Third, and most important, your deafness will be a great, great teacher. It is already teaching you at every moment. Is being deaf easy? Is it a walk in the park? No, it’s hard. But hard things give you character. Difficult situations and events teach you to be brave and compassionate – that means learning to care for others. Challenges force you to grow up. Trust me, an easy life with no worries is not good for the soul. You know all those young Hollywood celebrities like Lindsey and Britney and Paris who are now having all these troubles with drugs and relationships and jail and other things? That is because they lost the ability to self-reflect and be true to themselves. Somehow despite the fact that they seemed to have everything – money, fame, hearing – they lost sight of the fact that life is a precious gift and could not make the right decisions for their lives. But you have deafness and it will never allow you to behave so childishly. Deafness will force you to ask yourself again and again – how can I keep going? How can I remember to be thankful? How can I give to others who need help? – these are important questions to ask yourself and it is wonderful to have something that will make you ask them everyday. Everyone should be so lucky as to have something that forces them to ask such questions. Do you understand? This is deafness teaching us how to better love ourselves and others. Otherwise, what is life about? Getting the high score of Super Mario Brothers?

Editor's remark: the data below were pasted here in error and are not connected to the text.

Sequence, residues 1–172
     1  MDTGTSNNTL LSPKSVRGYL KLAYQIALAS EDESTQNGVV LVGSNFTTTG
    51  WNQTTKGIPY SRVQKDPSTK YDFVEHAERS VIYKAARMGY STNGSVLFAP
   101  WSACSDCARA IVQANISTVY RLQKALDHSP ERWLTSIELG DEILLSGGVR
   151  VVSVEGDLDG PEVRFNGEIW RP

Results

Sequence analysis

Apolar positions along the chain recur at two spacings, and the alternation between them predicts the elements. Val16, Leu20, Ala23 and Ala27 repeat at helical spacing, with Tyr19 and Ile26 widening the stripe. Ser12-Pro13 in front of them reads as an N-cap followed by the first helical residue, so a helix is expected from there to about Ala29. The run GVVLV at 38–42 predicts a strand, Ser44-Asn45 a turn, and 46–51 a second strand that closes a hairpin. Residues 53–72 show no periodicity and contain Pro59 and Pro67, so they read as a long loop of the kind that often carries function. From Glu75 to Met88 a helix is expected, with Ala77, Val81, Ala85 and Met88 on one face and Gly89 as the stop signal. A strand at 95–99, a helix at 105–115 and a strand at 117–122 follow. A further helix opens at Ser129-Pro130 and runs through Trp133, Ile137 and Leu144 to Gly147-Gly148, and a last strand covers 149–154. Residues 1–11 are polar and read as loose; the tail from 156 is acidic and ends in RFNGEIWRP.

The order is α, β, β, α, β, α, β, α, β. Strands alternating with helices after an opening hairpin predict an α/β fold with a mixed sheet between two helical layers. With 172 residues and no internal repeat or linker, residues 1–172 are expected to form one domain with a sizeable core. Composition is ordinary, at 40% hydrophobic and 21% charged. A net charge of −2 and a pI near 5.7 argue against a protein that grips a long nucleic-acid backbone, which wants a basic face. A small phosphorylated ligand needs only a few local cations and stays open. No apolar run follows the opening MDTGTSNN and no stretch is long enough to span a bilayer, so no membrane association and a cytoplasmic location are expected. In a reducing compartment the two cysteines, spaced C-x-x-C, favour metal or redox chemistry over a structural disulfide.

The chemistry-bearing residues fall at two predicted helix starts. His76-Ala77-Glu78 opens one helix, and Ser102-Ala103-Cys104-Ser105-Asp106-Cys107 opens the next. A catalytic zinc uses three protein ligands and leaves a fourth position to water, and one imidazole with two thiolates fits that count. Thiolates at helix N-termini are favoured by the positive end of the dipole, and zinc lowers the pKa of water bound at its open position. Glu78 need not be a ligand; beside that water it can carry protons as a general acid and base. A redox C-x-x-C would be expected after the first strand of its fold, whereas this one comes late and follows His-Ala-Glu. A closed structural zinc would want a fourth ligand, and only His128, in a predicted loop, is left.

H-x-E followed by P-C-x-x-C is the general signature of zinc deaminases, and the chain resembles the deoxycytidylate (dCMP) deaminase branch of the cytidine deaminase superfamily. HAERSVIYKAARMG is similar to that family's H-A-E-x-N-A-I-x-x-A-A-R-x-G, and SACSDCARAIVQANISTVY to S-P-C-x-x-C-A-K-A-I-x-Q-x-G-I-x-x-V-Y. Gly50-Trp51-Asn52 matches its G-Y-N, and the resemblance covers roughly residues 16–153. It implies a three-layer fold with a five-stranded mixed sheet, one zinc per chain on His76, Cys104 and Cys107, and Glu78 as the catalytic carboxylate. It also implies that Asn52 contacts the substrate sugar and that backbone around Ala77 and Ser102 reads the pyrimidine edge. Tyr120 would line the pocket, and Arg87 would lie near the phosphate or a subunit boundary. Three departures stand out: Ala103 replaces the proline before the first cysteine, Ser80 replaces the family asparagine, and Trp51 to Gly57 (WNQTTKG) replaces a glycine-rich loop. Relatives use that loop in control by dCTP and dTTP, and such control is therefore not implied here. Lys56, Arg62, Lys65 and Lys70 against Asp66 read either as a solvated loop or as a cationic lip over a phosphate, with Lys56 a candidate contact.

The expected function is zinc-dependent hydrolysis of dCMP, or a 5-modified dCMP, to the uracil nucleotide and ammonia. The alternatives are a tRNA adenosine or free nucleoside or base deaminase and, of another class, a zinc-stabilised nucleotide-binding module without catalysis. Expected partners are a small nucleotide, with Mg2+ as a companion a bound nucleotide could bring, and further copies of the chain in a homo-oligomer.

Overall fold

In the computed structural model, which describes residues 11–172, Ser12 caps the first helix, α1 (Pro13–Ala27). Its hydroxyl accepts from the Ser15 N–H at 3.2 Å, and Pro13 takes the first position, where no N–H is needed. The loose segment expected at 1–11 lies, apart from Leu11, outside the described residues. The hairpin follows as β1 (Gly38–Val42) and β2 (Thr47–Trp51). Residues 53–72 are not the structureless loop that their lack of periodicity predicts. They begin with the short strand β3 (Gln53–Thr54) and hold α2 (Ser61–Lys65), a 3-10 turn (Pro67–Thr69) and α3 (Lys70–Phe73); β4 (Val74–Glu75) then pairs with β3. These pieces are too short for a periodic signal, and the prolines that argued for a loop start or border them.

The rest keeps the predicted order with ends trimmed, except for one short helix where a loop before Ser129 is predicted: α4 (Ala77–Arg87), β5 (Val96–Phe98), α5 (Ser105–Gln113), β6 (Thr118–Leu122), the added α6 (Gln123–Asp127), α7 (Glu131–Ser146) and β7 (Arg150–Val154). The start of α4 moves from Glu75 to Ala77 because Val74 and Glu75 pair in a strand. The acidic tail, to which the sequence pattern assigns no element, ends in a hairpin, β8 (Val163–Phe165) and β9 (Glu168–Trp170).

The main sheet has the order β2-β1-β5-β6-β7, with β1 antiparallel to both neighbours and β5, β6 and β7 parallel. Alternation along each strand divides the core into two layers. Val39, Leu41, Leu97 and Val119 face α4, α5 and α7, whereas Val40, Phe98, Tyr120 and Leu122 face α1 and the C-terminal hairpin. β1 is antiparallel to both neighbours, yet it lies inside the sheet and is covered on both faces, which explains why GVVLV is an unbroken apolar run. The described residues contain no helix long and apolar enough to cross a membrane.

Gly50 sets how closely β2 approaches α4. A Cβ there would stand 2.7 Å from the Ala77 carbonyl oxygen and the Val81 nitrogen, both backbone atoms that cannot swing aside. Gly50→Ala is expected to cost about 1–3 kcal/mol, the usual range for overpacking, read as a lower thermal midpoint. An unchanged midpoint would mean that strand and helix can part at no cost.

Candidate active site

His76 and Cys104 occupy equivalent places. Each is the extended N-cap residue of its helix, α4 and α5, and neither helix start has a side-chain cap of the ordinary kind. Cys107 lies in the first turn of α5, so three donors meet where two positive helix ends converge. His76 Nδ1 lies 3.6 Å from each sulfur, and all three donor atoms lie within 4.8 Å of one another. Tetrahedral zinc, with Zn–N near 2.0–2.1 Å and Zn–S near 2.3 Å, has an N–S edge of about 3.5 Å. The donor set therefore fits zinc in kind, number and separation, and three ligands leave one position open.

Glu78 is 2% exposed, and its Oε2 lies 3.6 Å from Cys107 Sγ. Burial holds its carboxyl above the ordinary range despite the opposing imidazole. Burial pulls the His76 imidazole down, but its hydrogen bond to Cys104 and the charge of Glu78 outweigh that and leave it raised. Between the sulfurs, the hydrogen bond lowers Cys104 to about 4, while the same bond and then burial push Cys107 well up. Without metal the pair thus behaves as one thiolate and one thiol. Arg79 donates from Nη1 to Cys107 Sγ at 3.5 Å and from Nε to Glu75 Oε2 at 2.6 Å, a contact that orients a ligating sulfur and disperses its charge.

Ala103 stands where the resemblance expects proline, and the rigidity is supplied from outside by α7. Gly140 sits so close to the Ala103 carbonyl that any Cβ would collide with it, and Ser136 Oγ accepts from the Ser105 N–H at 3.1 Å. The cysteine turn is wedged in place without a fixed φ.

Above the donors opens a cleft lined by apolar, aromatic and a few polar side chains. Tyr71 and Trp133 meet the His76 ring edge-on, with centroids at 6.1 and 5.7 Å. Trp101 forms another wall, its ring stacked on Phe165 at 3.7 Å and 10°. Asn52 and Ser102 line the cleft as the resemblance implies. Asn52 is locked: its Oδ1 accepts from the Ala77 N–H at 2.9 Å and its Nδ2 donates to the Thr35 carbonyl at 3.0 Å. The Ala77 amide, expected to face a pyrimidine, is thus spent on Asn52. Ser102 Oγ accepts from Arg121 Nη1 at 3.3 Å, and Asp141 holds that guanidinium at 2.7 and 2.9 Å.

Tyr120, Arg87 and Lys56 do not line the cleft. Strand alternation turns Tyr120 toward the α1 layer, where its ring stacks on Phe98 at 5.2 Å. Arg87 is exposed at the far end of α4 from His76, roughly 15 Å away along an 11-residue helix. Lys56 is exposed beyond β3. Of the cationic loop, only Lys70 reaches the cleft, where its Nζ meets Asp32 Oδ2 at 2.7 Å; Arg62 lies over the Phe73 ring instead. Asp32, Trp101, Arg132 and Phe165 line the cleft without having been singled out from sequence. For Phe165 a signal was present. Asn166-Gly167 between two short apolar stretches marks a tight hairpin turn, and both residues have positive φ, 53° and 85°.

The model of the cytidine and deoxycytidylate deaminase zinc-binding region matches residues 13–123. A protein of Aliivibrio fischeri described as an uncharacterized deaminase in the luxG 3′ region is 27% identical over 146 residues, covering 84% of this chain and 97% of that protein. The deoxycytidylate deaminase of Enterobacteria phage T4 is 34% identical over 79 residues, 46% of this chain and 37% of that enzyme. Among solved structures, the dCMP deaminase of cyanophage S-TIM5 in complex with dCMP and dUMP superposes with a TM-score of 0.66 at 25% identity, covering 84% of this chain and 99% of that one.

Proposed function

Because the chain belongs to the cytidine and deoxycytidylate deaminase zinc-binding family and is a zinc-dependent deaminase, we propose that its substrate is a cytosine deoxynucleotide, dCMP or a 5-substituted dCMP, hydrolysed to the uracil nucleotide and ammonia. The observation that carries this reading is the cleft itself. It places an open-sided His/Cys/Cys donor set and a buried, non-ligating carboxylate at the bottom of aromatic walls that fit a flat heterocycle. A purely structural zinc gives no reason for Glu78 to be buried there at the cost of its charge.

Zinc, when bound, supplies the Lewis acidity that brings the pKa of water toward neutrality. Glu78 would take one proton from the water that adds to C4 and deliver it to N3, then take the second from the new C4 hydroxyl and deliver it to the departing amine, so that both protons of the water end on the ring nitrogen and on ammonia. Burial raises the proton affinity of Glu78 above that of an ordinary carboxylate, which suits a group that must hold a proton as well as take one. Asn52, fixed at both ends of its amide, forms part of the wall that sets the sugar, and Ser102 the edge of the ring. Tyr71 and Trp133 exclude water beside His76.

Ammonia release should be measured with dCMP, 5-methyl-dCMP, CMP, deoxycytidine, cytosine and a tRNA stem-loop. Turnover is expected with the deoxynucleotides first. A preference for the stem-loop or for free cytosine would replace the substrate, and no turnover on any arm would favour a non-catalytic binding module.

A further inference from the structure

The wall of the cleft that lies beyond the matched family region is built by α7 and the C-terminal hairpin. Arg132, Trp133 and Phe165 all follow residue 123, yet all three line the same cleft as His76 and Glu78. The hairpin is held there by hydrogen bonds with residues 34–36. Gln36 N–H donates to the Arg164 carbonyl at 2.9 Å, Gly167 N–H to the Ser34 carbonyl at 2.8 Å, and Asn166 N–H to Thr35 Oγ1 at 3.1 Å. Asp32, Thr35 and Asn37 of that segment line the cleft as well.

So my friends, mi amigos, congratulations.

Learning from deafness in these ways I have been blessed to live a life more wonderful than I could have ever imagined. I trust you will go and do the same. I have traveled the world many times, lived and worked in cities, in forests, in tiny African villages so small they don’t even have names. I have met incredible, inspiring people – all this is possible for you too. And I expect you to do it, or at the very least, to never ever use deafness as an excuse for why you can’t. Understand? That excuse is off the table. If you feel that deafness is being unfair – and believe me, there are many times it looks that way – you have to ask what deeper lesson is it trying to teach me? Because there always is one.